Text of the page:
Accountant for Self-Employed U.S. Expats
Dealing with the demands of the Internal Revenue Service can be stressful and confusing under the best of circumstances, but expatriates can wind up facing additional hurdles – especially when they also happen to be self-employed. This conflux of circumstances can create a very murky tax situation, as the differences between standard income and self-employment income complicate an expat’s ability to claim the exemptions, exclusions, and credits commonly used by Americans living abroad.
To navigate these thorny issues, expats are encouraged to retain the services of an experienced specialist with firsthand knowledge of international tax law. The experts at U.S. Tax Help can assist U.S. citizens and residents living abroad in filing their taxes on time and without costly mistakes. If you are a self-employed expat, trust in the skilled team at U.S. Tax Help. To learn more about all our services or to schedule your first consultation, visit us online or call (541) 923-0903 today.
Filing a U.S. Tax Return When Living Abroad
Many Americans who move overseas do so under the mistaken assumption that leaving the United States frees you of your tax obligations to the country; this is not the case. In fact, the U.S. is one of only two countries in the world (the other being Eritrea) that taxes based on citizenship rather than geographical location. This means that, even if you pick up and move to Beijing or Paris or the barren wastes of Siberia, you are still required to file a tax return with the U.S. government.
Fortunately, there are a number of exclusions, exemptions, and credits intended to relieve the American tax burden of expats who, in all likelihood, must also pay taxes in the country where they reside. The greatest of these is the foreign earned income exclusion, or FEIE. This provision of the tax code allows expats who earn their living in another country to exclude a significant portion of their income from taxation; the cap changes from year to year to adjust for inflation, but the amount that could be excluded in 2019 was $105,900. Additional deductions can be made if you have spent money on housing in your country of residence.
It should be noted, however, that these benefits do not come without a catch. Americans living abroad will likely have to file additional paperwork during tax season to follow the various reporting requirements that apply to anyone with foreign assets or financial ties. The biggest instances of this are the Foreign Account Tax Compliance Act, or FATCA, and the Report of Foreign Bank and Financial Accounts, or FBAR.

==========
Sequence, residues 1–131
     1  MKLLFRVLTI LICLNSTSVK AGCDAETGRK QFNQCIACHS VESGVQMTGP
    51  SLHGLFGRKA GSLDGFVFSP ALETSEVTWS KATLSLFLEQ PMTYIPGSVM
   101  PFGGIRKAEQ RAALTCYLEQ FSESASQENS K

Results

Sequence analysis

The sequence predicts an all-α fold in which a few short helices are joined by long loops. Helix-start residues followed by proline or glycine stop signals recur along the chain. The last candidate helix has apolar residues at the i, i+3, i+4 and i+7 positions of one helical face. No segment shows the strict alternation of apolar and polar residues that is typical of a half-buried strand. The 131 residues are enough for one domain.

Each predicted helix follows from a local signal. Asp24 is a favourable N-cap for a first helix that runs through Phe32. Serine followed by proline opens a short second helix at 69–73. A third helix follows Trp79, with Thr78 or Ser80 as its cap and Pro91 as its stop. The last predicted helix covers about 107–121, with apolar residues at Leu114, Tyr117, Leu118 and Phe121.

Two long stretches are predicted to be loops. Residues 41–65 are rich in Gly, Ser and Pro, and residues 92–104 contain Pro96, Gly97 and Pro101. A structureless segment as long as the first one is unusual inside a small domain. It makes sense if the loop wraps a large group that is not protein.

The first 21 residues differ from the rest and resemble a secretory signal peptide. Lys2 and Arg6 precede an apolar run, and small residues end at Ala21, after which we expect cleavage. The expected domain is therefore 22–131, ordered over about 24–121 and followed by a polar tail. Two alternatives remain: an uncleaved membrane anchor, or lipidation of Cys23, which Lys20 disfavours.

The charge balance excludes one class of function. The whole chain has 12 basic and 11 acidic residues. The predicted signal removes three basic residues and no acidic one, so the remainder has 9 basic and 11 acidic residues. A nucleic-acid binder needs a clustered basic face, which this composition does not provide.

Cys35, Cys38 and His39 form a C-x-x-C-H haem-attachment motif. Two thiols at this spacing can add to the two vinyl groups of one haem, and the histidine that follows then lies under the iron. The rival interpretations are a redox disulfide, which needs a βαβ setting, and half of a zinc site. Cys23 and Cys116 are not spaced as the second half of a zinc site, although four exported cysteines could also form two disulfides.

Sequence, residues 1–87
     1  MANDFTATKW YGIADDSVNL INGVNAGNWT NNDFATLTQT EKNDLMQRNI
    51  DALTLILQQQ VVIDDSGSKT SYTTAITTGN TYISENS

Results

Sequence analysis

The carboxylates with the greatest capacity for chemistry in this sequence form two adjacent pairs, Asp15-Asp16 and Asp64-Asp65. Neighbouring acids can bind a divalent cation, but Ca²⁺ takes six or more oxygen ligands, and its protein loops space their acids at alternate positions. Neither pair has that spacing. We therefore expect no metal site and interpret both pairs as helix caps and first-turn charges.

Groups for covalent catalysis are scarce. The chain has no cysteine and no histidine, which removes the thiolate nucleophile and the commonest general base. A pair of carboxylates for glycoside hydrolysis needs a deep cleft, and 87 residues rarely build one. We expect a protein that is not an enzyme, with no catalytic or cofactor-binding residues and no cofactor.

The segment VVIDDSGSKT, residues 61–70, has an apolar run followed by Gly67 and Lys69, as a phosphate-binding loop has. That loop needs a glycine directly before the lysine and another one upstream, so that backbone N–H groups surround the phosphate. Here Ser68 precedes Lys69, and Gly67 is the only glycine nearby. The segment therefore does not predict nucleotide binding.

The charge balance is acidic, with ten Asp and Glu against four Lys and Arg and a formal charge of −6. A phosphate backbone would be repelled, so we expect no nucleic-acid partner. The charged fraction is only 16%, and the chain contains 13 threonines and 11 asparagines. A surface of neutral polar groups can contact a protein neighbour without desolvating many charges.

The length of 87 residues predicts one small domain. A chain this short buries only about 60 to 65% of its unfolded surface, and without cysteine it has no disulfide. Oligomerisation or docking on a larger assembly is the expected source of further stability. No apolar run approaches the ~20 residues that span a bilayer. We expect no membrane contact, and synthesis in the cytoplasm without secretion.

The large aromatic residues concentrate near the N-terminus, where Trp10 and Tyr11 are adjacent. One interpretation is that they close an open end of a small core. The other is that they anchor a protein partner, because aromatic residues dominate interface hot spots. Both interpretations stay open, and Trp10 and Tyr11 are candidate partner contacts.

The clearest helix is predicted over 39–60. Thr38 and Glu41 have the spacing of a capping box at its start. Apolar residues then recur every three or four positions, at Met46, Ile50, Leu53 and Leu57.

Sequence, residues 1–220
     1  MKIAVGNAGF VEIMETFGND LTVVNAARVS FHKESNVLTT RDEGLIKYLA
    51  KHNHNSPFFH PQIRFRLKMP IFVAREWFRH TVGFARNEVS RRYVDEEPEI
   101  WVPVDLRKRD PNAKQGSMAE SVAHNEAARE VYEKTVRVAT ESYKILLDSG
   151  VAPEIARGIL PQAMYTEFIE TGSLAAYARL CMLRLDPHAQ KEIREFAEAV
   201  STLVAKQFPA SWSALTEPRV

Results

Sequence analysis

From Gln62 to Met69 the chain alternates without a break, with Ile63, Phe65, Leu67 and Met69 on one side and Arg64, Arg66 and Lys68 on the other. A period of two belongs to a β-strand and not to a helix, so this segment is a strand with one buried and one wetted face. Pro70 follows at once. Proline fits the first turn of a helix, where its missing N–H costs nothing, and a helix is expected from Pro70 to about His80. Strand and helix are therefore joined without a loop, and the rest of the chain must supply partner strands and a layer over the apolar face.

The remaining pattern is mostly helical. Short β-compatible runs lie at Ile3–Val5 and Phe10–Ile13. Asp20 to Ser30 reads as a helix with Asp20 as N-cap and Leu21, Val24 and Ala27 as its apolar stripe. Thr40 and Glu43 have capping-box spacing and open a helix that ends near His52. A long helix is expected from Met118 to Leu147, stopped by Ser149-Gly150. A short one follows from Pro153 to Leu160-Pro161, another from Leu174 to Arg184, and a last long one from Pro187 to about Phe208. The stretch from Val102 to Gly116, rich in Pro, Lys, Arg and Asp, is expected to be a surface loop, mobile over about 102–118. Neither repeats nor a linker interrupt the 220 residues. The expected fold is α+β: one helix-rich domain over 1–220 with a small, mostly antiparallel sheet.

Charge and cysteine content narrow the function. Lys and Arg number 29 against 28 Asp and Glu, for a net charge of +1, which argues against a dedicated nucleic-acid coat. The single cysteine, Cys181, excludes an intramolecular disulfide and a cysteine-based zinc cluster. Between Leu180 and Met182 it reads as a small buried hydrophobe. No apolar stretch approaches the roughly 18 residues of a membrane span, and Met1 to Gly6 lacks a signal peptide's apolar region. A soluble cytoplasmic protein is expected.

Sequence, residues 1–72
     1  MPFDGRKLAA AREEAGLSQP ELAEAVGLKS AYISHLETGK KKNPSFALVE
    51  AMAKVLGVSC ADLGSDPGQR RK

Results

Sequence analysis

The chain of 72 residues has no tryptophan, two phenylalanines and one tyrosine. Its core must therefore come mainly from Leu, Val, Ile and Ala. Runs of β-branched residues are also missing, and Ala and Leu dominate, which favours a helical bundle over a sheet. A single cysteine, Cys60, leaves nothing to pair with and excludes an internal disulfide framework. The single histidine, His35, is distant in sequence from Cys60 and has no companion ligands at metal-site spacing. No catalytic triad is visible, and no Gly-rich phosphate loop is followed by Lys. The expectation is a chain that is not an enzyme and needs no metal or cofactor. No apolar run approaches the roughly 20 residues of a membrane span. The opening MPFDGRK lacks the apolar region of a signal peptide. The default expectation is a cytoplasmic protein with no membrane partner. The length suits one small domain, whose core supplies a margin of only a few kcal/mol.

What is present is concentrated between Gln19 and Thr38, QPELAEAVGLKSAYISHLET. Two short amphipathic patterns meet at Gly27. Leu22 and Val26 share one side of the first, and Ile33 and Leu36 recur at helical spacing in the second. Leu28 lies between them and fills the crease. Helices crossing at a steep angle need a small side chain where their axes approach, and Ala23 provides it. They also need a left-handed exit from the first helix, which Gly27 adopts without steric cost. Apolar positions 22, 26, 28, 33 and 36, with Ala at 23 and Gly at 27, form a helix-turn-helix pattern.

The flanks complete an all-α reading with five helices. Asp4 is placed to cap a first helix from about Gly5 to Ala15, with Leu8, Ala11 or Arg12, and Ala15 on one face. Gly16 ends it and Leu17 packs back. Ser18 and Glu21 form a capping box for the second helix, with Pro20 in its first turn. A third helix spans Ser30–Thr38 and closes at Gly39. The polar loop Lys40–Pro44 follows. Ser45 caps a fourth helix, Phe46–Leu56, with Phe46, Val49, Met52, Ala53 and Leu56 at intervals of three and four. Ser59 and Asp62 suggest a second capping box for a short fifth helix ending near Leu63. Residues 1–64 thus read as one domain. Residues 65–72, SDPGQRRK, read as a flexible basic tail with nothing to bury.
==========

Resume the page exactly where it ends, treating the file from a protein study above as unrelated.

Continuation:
Each of these statutes requires that a separate form be filled out and sent to the proper authorities to notify those organizations of any foreign assets in accordance with the law. A skilled accountant with experience in international tax preparation can help you determine your individual filing requirements so you can avoid expensive fines and penalties.
Self-Employment Taxes While Living in a Foreign Country
Though common sense might suggest that income taxes and self-employment taxes are essentially the same thing for those who work for themselves, the reality is that the IRS treats each as a separate concern, although there is some overlap. Self-employment taxes are paid on net earnings to help fund Medicare and social security, and the government generally holds self-employed taxpayers to the same rules for this whether they live in the U.S. or elsewhere. In 2019, the tax rate is 15.3% on the first $132,900 you earn and 2.9% on any earnings beyond that cap.
If you are an expat who is subject to these taxes, be aware that excluding income from taxation through the FEIE does not affect the amount of income subject to the self-employment tax. Instead, ignore any exemptions or exclusions when calculating how much you owe in self-employment taxes to avoid making potentially expensive errors on your tax returns.
Fixing Mistakes on U.S. Tax Returns as an Expat
If you live abroad and are worried that you may have made a mistake on tax returns or reporting from previous years, know that you still have options. The IRS offers a set of steps – the streamlined filing compliance procedures – to allow taxpayers who may have erroneously reported income or assets in past years to quickly and easily come into compliance with the law while avoiding the majority of penalties and fees.
The process can be complicated and requires you to certify that any oversights were accidental, not willful; you also cannot already be under investigation by the IRS or owe outstanding penalties. However, if eligible, you can effectively sidestep a financially disastrous outcome by following one relatively straightforward procedure. Anyone who has submitted, or is worried that they may have submitted, an inaccurate tax filing should contact a qualified professional immediately.
Skilled Accountants Specializing in International Tax Planning and Preparation
Because the team at U.S. Tax Help has focused on international tax law for years, there is no one better qualified to handle an expat’s tax questions. Ted Kleinman, CPA, has more than 30 years’ experience in this area, and he and his staff are more than prepared to help you out of a tough tax conundrum or to simply ensure that this year’s filing goes smoothly. No matter where you are in the world, you can access the expertise at U.S. Tax Help today; just visit us online or call (541) 923-0903 to set up your first consultation.